An Interesting Thread on Pre-registration

The Psychonomic Society has been hosting an interesting blog series on pre-registration. Below are the five blogs with ridiculously brief, and probably misleading, summaries:
Stephen Lindsay (“Arguments for Preregistering Psychology Research”) SUMMARY: Proper interpretation of the results from hypothesis testing require specific, pre-registered tests.
Klaus Oberauer (“Preregistration of a forking path – What does it add to the garden of evidence?”) SUMMARY: If everybody would just make their data available, there wouldn’t be a need for pre-registration.
Richard Morey (“You must tug that thread: why treating preregistration as a gold standard might incentivize poor behavior”) SUMMARY: Pre-registration allows “bad” scientists to get away with not doing robustness checking
Danielle Navarro (“Prediction, pre-specification and transparency”) SUMMARY: Pre-registration tries to simultaneously satisfy three different goals: to make predictions (i.e., avoiding hindsight bias); to adhere to the statistical assumptions of confirmatory testing; and to provide transparency.  Unappreciated is that these different goals require different specifications of pre-registrations. Further, in the case of transparency, pre-registration may not be the best tool for the job.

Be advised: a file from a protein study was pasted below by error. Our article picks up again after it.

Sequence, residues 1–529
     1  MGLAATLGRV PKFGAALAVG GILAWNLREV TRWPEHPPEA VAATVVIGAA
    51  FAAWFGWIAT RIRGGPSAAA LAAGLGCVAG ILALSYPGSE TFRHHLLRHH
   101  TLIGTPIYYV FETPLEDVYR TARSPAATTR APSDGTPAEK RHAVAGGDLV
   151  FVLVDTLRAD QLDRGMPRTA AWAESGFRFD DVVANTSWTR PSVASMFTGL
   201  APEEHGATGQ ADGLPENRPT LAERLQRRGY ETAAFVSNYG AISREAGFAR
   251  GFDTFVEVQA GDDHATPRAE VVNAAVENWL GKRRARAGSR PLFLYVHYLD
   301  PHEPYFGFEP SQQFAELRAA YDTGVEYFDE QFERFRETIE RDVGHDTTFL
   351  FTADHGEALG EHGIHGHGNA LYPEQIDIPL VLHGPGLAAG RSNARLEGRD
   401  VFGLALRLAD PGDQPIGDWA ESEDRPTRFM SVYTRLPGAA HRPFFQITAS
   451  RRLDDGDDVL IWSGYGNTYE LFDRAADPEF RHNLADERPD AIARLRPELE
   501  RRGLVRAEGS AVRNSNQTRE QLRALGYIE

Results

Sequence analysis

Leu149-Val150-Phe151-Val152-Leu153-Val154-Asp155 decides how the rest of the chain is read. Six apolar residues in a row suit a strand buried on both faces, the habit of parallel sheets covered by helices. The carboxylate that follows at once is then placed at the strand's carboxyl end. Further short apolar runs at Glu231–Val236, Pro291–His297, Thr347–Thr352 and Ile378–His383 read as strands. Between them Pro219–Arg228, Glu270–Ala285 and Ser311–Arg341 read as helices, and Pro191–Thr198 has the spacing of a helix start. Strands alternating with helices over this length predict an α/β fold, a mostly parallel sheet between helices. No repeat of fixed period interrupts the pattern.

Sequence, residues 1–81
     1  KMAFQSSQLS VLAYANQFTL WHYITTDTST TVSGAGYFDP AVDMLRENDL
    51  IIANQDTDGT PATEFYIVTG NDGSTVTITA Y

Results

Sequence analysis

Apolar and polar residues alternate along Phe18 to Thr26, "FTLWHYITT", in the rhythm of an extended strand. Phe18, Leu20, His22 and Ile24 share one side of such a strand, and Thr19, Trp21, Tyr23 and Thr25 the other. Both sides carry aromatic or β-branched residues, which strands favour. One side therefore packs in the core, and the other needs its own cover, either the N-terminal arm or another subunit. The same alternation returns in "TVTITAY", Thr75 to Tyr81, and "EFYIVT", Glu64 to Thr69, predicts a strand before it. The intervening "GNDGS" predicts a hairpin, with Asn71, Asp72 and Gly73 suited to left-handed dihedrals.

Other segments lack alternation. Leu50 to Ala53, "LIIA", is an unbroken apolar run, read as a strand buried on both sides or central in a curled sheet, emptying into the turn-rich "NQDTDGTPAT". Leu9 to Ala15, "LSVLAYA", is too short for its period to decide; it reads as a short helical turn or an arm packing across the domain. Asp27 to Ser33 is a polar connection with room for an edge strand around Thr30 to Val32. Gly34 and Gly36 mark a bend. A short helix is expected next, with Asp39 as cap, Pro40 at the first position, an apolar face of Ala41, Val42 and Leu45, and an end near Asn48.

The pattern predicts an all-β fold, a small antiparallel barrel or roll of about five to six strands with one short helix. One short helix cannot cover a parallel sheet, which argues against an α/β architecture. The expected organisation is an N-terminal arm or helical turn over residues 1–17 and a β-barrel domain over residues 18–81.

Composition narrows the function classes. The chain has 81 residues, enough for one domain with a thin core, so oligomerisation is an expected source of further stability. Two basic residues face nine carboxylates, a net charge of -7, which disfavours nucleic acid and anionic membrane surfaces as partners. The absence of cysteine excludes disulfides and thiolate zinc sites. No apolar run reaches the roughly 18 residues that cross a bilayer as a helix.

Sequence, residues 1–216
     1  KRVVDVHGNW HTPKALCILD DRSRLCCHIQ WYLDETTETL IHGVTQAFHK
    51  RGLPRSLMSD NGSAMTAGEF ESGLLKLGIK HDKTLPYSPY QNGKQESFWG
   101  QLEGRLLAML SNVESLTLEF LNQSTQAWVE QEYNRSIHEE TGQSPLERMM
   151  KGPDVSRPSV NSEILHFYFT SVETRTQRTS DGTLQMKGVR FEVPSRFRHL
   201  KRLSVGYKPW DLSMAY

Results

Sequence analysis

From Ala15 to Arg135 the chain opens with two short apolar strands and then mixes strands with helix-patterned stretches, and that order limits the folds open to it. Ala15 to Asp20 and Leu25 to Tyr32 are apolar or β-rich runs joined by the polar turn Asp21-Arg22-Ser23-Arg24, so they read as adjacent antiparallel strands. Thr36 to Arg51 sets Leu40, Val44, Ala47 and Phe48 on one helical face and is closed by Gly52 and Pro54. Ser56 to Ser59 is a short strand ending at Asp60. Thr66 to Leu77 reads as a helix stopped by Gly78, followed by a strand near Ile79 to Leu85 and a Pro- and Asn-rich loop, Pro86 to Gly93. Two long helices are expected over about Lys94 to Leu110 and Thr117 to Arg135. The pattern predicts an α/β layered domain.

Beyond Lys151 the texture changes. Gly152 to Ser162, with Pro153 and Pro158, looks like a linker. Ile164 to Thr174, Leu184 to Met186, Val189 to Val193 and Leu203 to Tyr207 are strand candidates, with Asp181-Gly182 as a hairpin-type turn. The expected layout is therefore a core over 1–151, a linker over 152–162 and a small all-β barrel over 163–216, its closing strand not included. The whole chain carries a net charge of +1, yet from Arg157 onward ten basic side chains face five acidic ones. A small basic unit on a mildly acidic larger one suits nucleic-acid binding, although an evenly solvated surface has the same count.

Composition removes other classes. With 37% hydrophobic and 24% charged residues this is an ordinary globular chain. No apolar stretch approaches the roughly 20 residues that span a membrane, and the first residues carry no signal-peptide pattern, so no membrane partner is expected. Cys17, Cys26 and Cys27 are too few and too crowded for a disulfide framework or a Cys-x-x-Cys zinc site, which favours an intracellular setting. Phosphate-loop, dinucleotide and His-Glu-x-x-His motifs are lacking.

Iris van Rooij (“Psychological science needs theory development before preregistration”) SUMMARY: Pre-registration distracts from the more important business of theory building.
We should also add to this mix the recent Guest Blog from Nathan Goodman at TRN (“Hold the Bus!”) where he questions what seems like blind faith in pre-registration:
Where is the evidence that pre-registration works? That there are more null results? Is that the correct indicator of good science? Are there, in fact, ANY measurables that will enable us to know that pre-registration is producing better science? Those are good questions to which there have not been a lot of good answers to date.

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